Amoroso Gombe, Kenya
My experience, having worked under several women, leaves me with an understanding that they are more resolute, emotionally responsive and have better target drive than most male counterparts. If only a chance is given them, the African continent will have an agenda for economic growth, peace, love and relative calm which for now is not there. There is need to measure progress made in eliminating the discriminatory attitudes and practices arising from unequal power relationships between men and women. I know that my president understands this and that is why he has given the all important ministry of finance to a WOMAN to head.
Uche Oguike, Nigeria
I truly feel that a female president would be in the best interest of the country because; a woman will not lose track of tomorrow's future, the children. Women know the importance of education, family, protection of other women's rights. Men think only of power and control. It is time to stop controlling women, stop the violence and to let the country know that women are the backbone to their society.
African women like most women world-wide, were unfit to lead because of their penchant for narrow mindedness. The world has witnessed women indulging in criminal offences including robbery, murder and forging of academic qualifications to a great scale.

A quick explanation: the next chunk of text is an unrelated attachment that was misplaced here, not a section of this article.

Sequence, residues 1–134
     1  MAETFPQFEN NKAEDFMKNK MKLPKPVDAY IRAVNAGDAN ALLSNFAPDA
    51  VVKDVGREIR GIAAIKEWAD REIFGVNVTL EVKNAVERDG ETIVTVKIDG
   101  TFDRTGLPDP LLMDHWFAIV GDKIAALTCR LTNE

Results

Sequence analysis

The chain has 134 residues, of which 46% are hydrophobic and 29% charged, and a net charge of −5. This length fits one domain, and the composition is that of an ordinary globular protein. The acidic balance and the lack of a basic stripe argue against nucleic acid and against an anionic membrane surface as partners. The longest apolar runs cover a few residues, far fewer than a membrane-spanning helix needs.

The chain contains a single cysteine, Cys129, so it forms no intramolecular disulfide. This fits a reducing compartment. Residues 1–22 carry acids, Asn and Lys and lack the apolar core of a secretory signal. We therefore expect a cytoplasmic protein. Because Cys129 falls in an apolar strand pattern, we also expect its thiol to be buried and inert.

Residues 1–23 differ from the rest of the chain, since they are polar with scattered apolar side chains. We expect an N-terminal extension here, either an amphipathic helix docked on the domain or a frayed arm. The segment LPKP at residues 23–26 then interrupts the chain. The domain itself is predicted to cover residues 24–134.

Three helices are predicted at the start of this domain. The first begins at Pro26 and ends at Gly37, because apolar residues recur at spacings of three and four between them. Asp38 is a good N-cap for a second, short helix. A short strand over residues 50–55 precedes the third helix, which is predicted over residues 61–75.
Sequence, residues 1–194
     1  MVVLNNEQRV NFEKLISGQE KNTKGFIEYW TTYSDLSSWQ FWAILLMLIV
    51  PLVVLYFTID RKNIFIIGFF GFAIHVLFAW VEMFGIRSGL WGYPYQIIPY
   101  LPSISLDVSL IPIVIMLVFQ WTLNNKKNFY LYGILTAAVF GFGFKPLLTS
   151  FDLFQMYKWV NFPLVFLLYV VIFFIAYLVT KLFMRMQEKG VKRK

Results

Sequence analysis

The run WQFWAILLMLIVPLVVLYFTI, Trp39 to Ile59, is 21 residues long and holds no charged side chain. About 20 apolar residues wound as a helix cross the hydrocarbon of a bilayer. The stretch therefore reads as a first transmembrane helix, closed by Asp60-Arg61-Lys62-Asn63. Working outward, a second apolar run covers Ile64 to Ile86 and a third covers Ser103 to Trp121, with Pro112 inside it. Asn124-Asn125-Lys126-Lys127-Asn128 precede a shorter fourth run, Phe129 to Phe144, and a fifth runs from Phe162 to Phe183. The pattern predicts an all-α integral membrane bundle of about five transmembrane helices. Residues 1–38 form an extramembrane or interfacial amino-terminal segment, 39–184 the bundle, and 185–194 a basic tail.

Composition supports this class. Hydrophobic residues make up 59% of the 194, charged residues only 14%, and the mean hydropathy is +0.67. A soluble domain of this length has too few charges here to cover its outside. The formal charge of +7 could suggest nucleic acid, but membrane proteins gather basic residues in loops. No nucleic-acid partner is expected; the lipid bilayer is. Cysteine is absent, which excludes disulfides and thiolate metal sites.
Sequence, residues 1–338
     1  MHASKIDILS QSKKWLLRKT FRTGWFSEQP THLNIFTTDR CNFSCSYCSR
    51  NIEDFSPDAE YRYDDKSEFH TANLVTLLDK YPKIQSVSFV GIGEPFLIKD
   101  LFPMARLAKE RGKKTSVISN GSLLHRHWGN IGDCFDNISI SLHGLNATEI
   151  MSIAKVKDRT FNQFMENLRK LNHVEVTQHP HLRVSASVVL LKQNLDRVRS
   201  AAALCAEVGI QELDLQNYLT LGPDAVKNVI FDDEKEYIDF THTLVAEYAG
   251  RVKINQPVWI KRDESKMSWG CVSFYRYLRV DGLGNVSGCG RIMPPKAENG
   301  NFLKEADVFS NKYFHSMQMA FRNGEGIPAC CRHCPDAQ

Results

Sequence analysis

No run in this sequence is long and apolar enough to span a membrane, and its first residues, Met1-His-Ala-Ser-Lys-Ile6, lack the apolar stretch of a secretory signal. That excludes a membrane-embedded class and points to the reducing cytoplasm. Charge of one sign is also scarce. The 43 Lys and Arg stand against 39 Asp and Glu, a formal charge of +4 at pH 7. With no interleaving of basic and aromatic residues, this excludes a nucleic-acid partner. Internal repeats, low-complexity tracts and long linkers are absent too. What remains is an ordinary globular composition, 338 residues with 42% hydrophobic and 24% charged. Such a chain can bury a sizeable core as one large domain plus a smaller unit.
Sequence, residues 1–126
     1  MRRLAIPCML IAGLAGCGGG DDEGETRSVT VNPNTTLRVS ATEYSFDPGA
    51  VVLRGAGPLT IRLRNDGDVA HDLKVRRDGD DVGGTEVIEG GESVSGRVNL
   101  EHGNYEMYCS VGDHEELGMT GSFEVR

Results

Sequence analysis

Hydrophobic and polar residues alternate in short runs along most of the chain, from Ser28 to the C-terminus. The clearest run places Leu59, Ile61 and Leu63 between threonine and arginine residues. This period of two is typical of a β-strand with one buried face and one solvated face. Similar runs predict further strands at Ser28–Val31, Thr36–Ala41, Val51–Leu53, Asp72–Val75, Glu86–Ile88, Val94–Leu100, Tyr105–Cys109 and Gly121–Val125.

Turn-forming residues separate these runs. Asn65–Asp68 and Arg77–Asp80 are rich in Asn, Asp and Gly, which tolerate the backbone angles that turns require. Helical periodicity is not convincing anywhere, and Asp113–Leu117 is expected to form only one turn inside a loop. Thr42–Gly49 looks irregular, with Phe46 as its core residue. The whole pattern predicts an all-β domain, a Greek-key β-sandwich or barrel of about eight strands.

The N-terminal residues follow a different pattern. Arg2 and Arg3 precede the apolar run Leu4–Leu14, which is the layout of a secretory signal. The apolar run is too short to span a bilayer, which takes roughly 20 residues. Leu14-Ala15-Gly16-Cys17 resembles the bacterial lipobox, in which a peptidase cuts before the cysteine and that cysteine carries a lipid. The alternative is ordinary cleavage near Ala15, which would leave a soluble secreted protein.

How ideologically backward to even frame the question as a gender issue rather than an individual issue. Does Africa need a Chiang Ching, another Winnie Mandela, an Evita, an Imelda Marcos, or even a Margaret Thatcher? Does it need a Golda Meir? I would suggest it needs the best person. That may well turn out to be a woman, but ethics has no genitalia.
Women can solve Africa's problems.They represent the real experiences of the grassroots people hence the right people to address the problems.They shape the minds and the hearts of the young and are the most influential in the community. They shape the values, beliefs, spirituality, habits, and the practices of the entire community. What Africa needs to do is to strengthen the woman and make her realise the potential latent in her. In so doing, we would be strengthening the community and hence equipping her to resolve her problems.
Timothy Gachanga, Kenya
I think we are missing the point here. The question we should be asking ourselves is, "where are the good leaders?" It makes no difference whether they are male or female. What we need now are leaders that have a vision and can rise above corruption and ethnic divisions and steer the continent out of the mess we have created and move us forward, by creating an egalitarian society such that irrespective of what gender, religion or ethnic group you belong to, you can aspire to be anything.
Kelechi Ohiri, Boston, US